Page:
Donovan is charged with raising at least $2,500 a year for the Cake4Kids organization. To meet that goal, she threw a gingerbread house contest. She sold 30 kits at $40 each, and contestants had 48 hours to decorate them and bring them to Montgomery Village, where they were set up last Sunday and judged for originality.

Among the judges Donovan recruited was Melissa Yanc of Healdsburg’s Quail and Condor Bakery who was The Food Network’s 2019 Holiday Baking Champion.

“I never imagined that someone couldn’t even get a birthday cake,” lamented Yanc, the mother of two toddlers. But it’s understandable, she said, given how expensive cakes have become.

“They’re not quite as accessible anymore, let alone ones that are like what we do, being organic and locally sourced,” Yanc said. She intends to join the Cake4 Kids baking team after Christmas.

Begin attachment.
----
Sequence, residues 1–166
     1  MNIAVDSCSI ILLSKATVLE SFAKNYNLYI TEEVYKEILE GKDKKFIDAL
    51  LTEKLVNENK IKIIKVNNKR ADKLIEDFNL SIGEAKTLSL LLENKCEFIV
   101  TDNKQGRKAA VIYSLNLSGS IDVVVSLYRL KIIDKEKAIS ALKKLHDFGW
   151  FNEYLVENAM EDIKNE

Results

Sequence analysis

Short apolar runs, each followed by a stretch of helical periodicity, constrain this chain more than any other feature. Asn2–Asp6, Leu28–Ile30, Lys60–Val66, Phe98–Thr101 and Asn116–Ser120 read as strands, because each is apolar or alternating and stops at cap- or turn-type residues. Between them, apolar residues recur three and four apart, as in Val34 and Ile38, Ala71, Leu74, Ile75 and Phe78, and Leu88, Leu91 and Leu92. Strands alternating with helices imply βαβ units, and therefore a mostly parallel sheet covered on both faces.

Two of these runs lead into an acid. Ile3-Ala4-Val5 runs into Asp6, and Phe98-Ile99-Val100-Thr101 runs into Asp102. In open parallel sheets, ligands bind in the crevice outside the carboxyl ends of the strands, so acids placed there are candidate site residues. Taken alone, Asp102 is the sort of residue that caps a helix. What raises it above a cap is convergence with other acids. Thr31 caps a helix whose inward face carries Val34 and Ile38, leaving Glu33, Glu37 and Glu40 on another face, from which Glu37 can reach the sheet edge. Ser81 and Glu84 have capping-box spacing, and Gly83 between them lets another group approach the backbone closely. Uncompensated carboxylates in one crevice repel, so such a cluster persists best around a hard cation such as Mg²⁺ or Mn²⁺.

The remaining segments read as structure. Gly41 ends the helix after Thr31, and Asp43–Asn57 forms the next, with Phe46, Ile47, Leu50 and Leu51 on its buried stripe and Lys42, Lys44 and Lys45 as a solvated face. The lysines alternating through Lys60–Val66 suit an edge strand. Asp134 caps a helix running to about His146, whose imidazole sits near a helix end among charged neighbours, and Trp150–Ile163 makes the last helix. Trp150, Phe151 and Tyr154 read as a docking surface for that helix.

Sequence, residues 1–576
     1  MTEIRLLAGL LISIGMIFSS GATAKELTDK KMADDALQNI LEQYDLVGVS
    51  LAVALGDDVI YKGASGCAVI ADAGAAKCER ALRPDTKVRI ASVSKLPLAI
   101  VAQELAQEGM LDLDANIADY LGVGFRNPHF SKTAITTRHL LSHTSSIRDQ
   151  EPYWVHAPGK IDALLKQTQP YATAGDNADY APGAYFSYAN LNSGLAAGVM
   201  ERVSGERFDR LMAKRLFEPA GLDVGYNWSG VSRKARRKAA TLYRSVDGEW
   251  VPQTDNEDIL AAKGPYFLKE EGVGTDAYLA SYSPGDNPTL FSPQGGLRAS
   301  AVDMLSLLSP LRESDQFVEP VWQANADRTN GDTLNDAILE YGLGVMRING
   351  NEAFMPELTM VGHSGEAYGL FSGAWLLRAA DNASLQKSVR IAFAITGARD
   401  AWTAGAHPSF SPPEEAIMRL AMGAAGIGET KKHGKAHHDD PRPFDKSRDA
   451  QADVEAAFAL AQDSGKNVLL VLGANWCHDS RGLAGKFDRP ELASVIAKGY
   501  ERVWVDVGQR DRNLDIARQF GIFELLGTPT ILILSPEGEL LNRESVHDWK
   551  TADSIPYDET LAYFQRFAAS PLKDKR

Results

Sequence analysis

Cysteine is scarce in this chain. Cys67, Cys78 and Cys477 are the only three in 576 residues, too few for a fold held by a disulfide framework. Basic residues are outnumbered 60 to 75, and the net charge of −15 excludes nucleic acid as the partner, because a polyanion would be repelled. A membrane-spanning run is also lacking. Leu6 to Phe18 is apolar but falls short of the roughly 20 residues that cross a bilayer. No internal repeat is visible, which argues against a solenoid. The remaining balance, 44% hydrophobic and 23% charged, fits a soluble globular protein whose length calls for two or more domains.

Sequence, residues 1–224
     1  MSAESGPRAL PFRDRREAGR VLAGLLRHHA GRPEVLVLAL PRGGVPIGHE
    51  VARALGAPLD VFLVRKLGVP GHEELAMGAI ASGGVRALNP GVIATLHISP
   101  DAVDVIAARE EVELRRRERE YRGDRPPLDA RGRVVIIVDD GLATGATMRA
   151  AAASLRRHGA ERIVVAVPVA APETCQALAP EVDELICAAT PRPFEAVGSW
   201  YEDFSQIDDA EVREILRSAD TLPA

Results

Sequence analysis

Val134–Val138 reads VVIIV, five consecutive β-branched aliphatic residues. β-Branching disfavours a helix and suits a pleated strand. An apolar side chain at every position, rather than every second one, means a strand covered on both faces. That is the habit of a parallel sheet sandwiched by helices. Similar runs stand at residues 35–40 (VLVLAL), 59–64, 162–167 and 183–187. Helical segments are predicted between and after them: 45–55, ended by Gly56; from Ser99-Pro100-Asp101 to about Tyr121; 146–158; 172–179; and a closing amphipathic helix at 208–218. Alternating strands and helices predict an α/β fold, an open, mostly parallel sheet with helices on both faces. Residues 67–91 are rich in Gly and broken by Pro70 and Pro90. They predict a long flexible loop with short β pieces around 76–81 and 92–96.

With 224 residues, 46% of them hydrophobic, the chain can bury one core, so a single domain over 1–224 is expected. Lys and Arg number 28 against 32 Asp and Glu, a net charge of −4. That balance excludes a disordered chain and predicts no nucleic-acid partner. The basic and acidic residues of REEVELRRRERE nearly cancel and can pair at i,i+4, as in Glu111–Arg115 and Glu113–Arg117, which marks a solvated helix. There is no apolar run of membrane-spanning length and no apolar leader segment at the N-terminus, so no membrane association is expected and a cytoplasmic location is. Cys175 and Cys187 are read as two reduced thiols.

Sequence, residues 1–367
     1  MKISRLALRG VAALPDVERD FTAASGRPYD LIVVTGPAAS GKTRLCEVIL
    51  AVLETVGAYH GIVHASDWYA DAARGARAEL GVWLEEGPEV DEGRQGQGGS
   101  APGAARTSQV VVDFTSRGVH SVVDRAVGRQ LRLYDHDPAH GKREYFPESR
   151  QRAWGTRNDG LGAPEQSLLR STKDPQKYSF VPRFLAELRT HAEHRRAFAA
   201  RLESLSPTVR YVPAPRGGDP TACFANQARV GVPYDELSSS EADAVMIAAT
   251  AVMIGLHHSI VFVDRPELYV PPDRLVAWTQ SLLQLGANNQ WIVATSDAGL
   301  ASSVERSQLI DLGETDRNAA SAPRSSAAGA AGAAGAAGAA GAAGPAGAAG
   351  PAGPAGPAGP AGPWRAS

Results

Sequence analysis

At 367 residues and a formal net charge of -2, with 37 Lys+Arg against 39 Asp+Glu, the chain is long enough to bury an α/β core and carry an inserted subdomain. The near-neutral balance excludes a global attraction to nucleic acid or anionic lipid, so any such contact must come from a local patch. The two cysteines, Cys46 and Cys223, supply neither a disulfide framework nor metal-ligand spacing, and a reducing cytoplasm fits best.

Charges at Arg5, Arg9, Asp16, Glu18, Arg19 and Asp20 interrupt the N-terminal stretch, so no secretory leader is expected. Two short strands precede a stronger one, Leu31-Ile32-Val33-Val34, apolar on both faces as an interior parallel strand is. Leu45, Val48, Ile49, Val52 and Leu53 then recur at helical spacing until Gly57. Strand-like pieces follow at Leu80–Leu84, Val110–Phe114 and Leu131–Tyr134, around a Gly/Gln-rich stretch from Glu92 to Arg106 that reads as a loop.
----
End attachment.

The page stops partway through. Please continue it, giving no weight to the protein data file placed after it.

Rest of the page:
Donovan’s core administrative team is tiny and includes mom Cookie Moore and friend Paula Simon who does social media. Some business have stepped forward with support, including Keith Giusto Bakery Supply of Petaluma which has provided sugar and flour for volunteers and Nancy’s Fancies in Santa Rosa, which offers supplies and classes for bakers.

Donovan said it may seem like a small gesture but there is so much more baked into each cake.

“This is about making sure they feel special and building that self-worth and that self-esteem through that cake,” she said. “So it’s not just a cake. It’s all these other things. And that is building a really strong community when you do something like that.”

You can reach Staff Writer Meg McConahey at 707-521-5204 or